Mandarin-Chinese is a tonal language. Tones are more like music notes, which guide you on how to pronounce each character. In this sense, speaking Mandarin-Chinese is more like singing.
It sounds fun but might be confusing to English speakers who are never exposed to tonal languages. However, if you know the trick, you will find it is not difficult at all.
In this post, I will teach you the secret, so you will have a better Chinese accent.
Mandarin Chinese has 5 tones, first tone, second tone, third tone, fourth tone, and neutral tone. Each tone comes with a tone mark except a neutral tone.
I noticed English speakers have a common problem when it comes to pronouncing these tones: You don’t exaggerate enough.
What does it mean? It means, when you pronounce tones, you speak too gently. Actually, in order to pronounce these tones correctly, you have to speak loudly and dramatically.
At the beginning, speak slowly to make sure you speak each tone right, when you feel more confident with each tone, speed up and speak at a normal speed.
Always try to exaggerate with your speaking until you feel natural to speak in this way.
When you do so, your speaking will sound more natural to us native speakers. At the beginning, you might feel it sounds funny and awkward, When you are used to it, you will feel more natural.
I often joked with my students: After you know how to pronounce Mandarin-Chinese tones, you might get a better idea why we Chinese speak loudly.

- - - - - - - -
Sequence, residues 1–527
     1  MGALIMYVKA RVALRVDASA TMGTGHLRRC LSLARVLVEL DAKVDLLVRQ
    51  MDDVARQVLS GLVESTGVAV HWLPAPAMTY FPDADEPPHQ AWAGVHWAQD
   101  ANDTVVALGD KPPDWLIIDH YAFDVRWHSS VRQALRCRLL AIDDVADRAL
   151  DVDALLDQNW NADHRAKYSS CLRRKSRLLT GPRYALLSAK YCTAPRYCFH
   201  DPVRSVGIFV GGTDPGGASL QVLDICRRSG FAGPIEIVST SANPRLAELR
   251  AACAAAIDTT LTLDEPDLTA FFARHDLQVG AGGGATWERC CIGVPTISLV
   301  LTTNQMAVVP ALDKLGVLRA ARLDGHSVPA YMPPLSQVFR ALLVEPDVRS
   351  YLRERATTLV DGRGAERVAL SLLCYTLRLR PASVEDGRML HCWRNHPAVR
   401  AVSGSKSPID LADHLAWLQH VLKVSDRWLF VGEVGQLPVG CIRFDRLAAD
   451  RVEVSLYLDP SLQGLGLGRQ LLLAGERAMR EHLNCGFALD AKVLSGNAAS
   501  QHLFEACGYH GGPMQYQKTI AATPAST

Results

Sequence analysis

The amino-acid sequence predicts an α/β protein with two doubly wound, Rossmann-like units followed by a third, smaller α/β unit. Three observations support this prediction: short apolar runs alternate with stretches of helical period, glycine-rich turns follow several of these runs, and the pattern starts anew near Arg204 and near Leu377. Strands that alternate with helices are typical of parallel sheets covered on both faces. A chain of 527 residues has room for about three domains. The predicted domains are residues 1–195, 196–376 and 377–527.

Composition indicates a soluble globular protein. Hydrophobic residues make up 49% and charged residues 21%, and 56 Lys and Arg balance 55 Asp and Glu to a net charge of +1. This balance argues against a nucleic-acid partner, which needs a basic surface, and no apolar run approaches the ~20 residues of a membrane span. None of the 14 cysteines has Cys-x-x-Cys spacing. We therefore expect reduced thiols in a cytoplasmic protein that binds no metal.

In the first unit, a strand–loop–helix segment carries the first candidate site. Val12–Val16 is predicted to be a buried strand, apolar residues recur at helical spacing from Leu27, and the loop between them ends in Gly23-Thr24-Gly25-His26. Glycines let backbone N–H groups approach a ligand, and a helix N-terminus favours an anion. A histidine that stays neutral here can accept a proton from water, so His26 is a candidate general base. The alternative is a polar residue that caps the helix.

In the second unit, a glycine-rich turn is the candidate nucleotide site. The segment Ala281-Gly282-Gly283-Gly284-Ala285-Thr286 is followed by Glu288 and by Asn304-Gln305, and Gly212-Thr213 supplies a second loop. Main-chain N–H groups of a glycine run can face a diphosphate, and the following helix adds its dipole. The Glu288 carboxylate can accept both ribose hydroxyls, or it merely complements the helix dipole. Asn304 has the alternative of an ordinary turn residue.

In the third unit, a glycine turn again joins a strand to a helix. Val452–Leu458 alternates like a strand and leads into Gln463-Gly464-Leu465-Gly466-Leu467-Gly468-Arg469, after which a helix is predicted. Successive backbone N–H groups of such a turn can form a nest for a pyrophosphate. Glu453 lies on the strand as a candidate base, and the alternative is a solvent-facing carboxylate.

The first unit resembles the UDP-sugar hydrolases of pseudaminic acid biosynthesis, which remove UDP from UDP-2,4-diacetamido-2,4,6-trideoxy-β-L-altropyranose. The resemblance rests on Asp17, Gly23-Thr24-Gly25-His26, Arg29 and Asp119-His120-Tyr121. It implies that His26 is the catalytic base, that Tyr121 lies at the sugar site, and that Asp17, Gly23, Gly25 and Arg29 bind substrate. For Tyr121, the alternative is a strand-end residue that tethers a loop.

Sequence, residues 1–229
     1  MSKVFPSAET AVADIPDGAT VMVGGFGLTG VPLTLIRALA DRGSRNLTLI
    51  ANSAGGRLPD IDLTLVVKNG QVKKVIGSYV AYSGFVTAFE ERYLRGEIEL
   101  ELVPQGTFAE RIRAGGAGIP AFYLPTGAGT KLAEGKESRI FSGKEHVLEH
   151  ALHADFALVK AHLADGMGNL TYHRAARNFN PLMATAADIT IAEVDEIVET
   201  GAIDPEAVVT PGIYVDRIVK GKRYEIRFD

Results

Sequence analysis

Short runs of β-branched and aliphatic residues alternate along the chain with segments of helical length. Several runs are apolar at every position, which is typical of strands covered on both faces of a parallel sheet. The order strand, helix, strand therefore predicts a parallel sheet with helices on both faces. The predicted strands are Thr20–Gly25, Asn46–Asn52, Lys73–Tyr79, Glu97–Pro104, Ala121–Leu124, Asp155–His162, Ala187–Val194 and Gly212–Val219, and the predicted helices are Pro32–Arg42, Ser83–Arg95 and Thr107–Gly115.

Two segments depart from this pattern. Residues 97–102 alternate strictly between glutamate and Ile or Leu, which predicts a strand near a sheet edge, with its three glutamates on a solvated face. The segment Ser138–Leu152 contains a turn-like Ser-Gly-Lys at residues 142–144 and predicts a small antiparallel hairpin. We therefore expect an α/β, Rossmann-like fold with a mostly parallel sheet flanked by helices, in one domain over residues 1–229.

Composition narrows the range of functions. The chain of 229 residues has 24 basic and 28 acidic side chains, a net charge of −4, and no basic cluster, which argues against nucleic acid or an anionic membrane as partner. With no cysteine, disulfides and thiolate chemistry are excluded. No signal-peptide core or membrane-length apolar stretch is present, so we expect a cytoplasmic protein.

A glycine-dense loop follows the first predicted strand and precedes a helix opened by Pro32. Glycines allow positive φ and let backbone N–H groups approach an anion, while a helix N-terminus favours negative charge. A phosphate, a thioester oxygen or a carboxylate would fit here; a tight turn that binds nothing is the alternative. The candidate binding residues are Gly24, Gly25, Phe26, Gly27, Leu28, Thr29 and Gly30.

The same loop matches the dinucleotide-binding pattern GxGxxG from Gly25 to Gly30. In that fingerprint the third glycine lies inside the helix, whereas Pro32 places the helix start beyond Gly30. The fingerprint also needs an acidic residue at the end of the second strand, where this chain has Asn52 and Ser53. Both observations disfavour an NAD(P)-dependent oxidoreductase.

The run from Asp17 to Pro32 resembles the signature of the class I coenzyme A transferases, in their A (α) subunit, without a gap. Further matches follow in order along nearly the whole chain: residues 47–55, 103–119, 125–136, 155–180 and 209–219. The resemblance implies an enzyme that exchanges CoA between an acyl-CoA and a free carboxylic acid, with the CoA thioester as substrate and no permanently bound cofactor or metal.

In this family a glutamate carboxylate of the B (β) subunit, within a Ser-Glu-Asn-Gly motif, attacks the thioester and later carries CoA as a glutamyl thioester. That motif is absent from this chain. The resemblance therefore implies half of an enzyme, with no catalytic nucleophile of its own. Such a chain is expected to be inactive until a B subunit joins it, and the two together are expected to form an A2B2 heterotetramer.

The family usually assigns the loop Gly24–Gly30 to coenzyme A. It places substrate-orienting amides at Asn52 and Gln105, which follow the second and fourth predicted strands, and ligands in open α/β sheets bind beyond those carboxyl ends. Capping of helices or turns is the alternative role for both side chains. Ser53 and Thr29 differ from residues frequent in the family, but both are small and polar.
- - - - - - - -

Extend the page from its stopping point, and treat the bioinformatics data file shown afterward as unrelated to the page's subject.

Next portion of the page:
Now let’s watch below video to get a better idea about how to pronounce each tone correctly.
In this video, you will hear two sentences with different tones to help you practice tone pronunciation.
1, 我爱吃苹果。(Wǒ ài chī píng guǒ.) (I love eating apples.)
2，你爱吃苹果吗？(Nǐ ài chī píng guǒ ma?) (Do you love eating apples?)
Attention! There are some exceptional rules when it comes to the tones.
1, When two third tones come together, usually the first third tone will pronounce as the second tone to help the speaking easier.
For example, 你好(nǐ hǎo), you should pronounce as ní hǎo but the character is the same.
2, Exceptional rule for the character “一”.
When” 一 ” is used as a counting number, its pronunciation becomes: yī, 1st tone.
When the character” 一” comes before words with tone marks like first tone, second tone, or third tone, its pronunciation becomes: yì, 4th tone.
For example, 一点一滴(yī diǎn yī dī ) will pronounce as: yì diǎn yì dī .
When the character” 一” comes before words with a fourth tone, its pronunciation becomes yí, 2nd tone.
For example, 一样( yī yàng ) will pronounced as ” yí yàng “.
3, Exceptional rule for the character 不(bù ).
When “不” comes before characters with the fourth tone, to make the pronunciation easier, its fourth tone will change to the second tone.
For example,, 不对 ( bù duì ) will be pronounced as “bú duì”.
Note: In some posts, I might use 1, 2, 3, 4 numbers to indicate the tone mark to help you get a better idea of the pronunciation. If it is a neutral tone, then there is no number.
In my next post, I will talk about a topic that you might be interested: traditional Chinese characters or simplified ones. I will give you my very honest opinion.